Playing to win the draft lottery will mean a commitment to some ugly hockey in the short term, and the sooner that happens for the Coyotes the better. It also means hanging out an open-for-business-shingle and taking bids on impact veterans like Antoine Vermette and Keith Yandle. That way when the March 2 trading deadline comes around Maloney can focus on dealing support players, including Kyle Chipchura, Lauri Korpikoski and Zbynek Michalek.
Sure, it would save money, which is something that the new ownership is reportedly looking to do. But more importantly, it would also signal that the front office recognizes the team’s current core simply isn’t good enough. Maloney has some interesting pieces to work with moving forward. Oliver Ekman-Larsson might not be a future Norris Trophy winner, but he looks like he’ll be a reliable top-pairing defender for the next decade. Mikkel Boedker, Sam Gagner and Martin Hanzal are useful players who can fill top-nine roles up front. And there is some promising talent in the system, including forwards Max Domi, Lucas Lessio, Brendan Perlini, Ryan MacInnis and Christian Dvorak, and defensemen Connor Murphy and Brandon Gormley.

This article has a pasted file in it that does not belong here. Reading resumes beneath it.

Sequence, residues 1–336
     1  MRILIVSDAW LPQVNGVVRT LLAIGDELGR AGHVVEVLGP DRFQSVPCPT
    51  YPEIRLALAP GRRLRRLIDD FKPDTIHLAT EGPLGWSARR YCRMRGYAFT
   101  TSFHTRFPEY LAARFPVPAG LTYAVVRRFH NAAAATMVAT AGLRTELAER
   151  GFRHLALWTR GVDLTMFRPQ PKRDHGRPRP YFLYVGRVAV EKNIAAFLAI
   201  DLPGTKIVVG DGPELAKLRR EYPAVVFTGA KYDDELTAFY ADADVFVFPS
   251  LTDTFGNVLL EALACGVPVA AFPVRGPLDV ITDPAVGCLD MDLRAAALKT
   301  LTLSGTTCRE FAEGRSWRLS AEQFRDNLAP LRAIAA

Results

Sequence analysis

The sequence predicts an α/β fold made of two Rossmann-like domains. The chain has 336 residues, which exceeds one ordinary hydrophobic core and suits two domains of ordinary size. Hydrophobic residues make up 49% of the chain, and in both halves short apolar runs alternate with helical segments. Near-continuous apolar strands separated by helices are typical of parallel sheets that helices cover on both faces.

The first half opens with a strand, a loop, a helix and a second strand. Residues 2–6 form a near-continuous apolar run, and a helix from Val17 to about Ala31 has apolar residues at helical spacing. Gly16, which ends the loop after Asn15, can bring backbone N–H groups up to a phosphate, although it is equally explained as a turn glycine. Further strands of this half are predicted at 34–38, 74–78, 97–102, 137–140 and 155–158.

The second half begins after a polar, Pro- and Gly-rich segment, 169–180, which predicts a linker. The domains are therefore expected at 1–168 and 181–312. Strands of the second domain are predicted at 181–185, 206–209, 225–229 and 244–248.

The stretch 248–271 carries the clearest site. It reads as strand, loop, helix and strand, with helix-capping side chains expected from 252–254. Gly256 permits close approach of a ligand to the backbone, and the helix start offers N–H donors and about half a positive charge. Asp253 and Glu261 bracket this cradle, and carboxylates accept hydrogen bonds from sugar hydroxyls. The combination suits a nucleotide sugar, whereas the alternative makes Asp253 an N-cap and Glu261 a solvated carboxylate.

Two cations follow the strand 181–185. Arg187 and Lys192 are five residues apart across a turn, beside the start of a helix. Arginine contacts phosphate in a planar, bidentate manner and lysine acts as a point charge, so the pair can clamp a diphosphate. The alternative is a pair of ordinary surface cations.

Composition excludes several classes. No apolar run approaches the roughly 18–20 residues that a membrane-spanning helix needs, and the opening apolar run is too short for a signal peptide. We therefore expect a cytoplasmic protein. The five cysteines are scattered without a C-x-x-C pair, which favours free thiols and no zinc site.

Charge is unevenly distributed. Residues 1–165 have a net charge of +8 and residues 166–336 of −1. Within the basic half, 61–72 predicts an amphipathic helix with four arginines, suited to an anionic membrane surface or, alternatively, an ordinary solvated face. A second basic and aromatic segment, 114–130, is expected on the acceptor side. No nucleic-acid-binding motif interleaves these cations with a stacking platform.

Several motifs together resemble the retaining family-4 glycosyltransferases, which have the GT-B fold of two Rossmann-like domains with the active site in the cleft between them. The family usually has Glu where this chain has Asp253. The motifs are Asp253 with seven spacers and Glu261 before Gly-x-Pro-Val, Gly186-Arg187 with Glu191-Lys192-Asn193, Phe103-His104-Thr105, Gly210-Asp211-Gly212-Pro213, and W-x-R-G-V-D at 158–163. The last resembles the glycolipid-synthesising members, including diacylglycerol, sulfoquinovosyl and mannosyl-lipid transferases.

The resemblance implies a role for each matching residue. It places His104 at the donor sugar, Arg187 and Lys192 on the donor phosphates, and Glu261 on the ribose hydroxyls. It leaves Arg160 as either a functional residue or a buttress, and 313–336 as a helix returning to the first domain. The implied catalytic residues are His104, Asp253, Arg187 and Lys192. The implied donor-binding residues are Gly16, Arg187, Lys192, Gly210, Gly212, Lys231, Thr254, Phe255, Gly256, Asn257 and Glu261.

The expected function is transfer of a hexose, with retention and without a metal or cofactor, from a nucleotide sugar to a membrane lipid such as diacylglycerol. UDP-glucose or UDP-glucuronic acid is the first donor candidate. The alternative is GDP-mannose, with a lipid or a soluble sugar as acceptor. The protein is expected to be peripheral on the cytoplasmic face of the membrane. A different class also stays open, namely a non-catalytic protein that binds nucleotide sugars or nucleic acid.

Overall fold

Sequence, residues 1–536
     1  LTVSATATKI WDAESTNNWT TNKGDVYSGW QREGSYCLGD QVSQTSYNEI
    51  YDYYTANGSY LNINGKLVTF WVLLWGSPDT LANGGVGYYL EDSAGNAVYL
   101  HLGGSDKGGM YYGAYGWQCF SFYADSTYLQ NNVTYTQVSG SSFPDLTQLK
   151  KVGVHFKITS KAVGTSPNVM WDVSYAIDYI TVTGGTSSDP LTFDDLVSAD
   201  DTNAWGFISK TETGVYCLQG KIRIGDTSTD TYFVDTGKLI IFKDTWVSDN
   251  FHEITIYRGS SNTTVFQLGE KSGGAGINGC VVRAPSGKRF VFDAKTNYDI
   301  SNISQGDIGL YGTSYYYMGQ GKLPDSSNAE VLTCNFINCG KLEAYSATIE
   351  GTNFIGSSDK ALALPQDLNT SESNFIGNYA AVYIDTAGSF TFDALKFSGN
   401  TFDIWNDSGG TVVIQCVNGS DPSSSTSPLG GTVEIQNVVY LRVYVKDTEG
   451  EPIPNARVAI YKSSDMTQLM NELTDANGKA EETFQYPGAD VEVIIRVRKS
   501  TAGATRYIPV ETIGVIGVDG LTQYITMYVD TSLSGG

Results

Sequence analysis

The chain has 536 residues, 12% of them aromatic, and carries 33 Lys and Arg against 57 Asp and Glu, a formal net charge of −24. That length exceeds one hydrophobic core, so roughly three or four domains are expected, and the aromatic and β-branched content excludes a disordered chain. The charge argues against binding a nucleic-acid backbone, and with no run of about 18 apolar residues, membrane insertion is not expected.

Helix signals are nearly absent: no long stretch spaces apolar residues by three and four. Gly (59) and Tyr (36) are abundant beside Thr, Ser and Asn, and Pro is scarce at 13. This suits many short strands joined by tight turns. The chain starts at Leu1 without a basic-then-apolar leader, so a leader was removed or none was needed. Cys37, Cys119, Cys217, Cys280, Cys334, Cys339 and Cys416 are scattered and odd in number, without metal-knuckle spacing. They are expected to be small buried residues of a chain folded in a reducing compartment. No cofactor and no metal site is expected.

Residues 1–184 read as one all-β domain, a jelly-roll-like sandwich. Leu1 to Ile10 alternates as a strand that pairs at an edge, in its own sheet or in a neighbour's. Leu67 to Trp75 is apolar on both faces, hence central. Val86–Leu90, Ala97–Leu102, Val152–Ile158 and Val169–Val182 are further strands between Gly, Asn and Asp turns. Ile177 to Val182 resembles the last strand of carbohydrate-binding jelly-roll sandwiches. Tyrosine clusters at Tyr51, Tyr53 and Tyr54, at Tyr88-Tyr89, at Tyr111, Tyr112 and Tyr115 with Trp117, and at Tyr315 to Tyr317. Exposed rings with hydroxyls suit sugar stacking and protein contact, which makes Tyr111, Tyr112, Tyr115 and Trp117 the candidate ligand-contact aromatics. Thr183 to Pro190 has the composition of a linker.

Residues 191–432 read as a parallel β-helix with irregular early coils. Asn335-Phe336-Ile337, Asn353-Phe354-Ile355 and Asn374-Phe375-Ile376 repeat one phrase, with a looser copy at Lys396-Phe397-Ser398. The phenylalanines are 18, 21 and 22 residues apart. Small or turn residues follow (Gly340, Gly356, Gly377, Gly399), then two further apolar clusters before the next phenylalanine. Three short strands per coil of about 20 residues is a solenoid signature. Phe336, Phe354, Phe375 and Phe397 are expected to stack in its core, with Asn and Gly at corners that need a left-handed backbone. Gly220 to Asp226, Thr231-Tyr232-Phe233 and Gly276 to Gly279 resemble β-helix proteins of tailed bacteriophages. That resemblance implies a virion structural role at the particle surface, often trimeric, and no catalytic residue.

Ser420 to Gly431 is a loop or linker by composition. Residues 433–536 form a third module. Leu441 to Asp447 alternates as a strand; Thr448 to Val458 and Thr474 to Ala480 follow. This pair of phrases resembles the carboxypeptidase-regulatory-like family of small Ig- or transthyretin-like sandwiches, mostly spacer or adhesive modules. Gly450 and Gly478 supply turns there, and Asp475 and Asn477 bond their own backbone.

But as intriguing as they are, none of those players have the potential to change the course of the franchise the way that McDavid or Eichel or Matthews does. And the only way to acquire an asset like that is to fully embrace the pain and promise of a rebuild. There are no guarantees, as fans of the Oilers can attest. But at least it would be a step in the right direction.